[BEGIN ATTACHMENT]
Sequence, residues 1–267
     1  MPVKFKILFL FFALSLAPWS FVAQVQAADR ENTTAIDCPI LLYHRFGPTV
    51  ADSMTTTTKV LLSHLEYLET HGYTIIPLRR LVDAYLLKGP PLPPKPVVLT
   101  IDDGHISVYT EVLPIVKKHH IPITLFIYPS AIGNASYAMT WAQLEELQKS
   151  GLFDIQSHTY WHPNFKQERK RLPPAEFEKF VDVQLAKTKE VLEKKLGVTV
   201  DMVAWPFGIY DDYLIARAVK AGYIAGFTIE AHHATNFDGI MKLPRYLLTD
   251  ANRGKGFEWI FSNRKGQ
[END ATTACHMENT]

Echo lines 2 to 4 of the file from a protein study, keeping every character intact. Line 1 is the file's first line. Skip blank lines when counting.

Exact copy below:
     1  MPVKFKILFL FFALSLAPWS FVAQVQAADR ENTTAIDCPI LLYHRFGPTV
    51  ADSMTTTTKV LLSHLEYLET HGYTIIPLRR LVDAYLLKGP PLPPKPVVLT
   101  IDDGHISVYT EVLPIVKKHH IPITLFIYPS AIGNASYAMT WAQLEELQKS